Dengue fever rises up to 6,024 in 4 Isaan provinces

PHOTO: Unsplash: Егор Камелев

Dengue fever is spreading in Northeast Thailand with more than 6,000 cases and 4 deaths in the past 8 months. The cases were reported in the Isaan provinces Khon Kaen, Kalasin, Mahasarakham and Roi Et, according to the Office of Disease Prevention.

The mosquito spread disease is also known as “bone break fever” because common symptoms include pain in muscles, bones and joints. A fever, nausea and a rash are common symptoms. Severe dengue can be life threatening, but most people recover in about a week, according to the United States Centre of Disease Control.

From January 1 to August 29, 6,024 people were reported with dengue fever in the Kaen, Kalasin, Mahasarakham and Roi Et provinces, according to the Office of Disease Control.

Doctors are advising locals to spray their homes for mosquitos, but to do it safely, warning them to make sure food and pets are out of the room before spraying. They should also cover their noses and mouths while the chemicals are in the air. Doctors say windows and doors should be closed for about 10 to 15 minutes to make sure the spraying is effective.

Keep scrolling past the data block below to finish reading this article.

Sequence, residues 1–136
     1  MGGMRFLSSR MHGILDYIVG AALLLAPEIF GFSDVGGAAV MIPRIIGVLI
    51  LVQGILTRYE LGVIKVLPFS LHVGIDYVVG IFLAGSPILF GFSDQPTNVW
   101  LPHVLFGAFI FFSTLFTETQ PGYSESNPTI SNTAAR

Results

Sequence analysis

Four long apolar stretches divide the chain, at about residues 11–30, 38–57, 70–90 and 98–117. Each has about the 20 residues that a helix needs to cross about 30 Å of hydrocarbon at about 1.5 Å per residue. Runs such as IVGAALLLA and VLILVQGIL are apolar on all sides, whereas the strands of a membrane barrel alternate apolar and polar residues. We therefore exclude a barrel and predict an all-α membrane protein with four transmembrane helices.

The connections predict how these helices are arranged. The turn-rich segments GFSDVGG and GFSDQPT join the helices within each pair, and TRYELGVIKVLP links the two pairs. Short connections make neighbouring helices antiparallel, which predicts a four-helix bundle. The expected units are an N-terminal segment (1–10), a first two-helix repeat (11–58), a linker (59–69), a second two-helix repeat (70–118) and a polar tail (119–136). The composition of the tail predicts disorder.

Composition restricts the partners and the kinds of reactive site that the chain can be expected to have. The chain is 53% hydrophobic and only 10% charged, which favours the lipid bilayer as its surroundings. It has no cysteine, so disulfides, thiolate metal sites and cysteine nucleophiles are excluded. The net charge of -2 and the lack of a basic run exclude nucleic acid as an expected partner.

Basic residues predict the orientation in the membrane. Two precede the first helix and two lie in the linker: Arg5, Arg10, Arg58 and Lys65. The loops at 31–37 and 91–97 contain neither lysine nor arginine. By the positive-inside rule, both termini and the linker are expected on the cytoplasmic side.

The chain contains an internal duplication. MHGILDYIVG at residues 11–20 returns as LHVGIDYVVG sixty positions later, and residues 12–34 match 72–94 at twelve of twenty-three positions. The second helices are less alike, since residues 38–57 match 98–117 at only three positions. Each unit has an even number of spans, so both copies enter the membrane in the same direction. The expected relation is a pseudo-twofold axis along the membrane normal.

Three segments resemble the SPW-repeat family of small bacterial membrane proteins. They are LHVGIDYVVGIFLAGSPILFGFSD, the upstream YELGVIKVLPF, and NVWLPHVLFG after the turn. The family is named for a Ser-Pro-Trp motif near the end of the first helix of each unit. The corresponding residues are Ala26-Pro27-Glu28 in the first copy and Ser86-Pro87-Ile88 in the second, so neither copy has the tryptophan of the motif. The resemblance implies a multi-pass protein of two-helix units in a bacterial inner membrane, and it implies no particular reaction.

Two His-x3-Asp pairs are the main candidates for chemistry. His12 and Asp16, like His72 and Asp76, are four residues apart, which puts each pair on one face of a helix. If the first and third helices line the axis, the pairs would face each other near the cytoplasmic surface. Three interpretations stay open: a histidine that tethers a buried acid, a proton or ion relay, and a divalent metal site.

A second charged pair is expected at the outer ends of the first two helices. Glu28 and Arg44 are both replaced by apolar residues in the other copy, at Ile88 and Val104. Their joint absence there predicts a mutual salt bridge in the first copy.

In June, Thailand recorded 15,385 cases of dengue fever with 11 deaths, according to the director general of the Department of Disease Control. 5,828 of those cases were children ages 5 to14.

“The rainy season, which creates puddles of water that serve as breeding grounds for mosquitos, is the main factor that is boosting the outbreak. I would like to ask people to look out for unused containers that might become breeding grounds in households.”

High numbers of dengue were reported in the Isaan region’s Nakhon Ratchasima province a few months ago. Local volunteers ramped up initiatives to prevent the further spread of the disease. They put abate sand granules, which is typically applied in ponds and lakes, were used to kill mosquito larvae. The sand granules inhibit an enzyme that is important to the normal function of the larvae’s nervous system, killing the larvae, according to the company.

SOURCE: Nation Thailand

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Caitlin Ashworth

Caitlin Ashworth is a writer from the United States who has lived in Thailand since 2018. She graduated from the University of South Florida St. Petersburg with a bachelor’s degree in journalism and media studies in 2016. She was a reporter for the Daily Hampshire Gazette In Massachusetts. She also interned at the Richmond Times-Dispatch in Virginia and Sarasota Herald-Tribune in Florida.

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